As we head into the 4th of July weekend, I’m posting an excerpt from Learning to Breathe Fire that explores the kinship between CrossFit and military training – the rigors of it, and the bonds that people form when they face difficult and uncomfortable physical challenges as a group. Fire has been warmly received by veterans from Fort Bragg to Camp Leatherneck, and I’m supporting a military nonprofit, TeamRWB.org, which is dedicated to improving the lives of returning veterans through fitness. Books purchased through this link will benefit TeamRWB.org.
Fallujah, For Time: Sprinting Wars and the Next Generation of Combat Training
By this time, CrossFit was proliferating across two war zones and infiltrating military bases around the world. It was cheap, improvised, and time-efficient. It didn’t break in heat or dust. And it made soldiers physically more powerful than they’d ever been, in a new era of military conflict that demanded heavy loads be hauled as quickly as possible from point to point. Counter-insurgency in Iraq and Afghanistan was not a game of long marches and precise campaigns. In a landscape of steep hillsides, hot stairwells, and dangerous corners, hazard boiled up in sudden twenty minute bursts of load-bearing cardiovascular suck. It was CrossFit as a live fire exercise, and any soldier with half a brain knows to train as you fight….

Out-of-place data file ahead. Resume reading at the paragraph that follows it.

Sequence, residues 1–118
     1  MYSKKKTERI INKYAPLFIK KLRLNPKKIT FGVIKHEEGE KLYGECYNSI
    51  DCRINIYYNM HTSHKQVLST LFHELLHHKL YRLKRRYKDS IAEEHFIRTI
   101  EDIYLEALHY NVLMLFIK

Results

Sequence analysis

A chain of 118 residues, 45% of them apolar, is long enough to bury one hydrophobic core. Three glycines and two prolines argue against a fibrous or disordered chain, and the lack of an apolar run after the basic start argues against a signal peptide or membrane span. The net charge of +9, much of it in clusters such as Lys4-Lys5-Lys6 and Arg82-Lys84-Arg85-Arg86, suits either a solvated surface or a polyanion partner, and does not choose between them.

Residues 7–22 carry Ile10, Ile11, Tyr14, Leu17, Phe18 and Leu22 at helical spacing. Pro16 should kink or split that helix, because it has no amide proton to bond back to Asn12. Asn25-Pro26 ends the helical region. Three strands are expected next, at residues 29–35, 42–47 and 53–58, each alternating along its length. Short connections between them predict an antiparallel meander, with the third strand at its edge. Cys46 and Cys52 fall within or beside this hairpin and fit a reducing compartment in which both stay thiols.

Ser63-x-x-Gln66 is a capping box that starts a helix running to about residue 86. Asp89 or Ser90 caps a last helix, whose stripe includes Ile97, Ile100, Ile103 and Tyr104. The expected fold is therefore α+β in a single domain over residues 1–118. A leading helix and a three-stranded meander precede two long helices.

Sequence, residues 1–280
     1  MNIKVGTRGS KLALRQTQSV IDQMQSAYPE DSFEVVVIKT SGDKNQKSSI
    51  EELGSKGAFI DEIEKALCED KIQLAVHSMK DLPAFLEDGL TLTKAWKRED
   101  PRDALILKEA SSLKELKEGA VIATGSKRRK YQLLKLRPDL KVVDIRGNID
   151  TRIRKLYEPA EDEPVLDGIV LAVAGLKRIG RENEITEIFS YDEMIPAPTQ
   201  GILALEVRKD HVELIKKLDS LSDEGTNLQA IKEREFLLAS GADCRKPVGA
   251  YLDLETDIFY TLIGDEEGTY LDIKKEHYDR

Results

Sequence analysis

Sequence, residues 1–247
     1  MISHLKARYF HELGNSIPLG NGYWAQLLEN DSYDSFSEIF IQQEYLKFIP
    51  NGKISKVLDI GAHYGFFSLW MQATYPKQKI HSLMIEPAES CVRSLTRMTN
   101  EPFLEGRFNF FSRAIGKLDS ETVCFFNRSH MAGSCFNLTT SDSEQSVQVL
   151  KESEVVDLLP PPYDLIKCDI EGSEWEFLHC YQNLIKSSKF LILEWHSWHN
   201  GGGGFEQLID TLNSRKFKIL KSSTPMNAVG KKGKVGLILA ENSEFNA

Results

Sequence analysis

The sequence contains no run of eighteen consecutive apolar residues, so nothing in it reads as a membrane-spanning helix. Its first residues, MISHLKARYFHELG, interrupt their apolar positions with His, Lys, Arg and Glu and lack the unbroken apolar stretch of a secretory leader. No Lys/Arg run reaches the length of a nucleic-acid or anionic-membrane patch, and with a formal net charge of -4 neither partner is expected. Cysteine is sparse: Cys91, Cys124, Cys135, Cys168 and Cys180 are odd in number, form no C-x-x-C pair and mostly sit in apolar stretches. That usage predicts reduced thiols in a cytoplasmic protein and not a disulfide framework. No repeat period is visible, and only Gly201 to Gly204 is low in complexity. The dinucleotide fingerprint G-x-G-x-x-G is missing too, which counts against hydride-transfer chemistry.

Read the full chapter here: Learning to Breathe Fire – TeamRWB Excerpt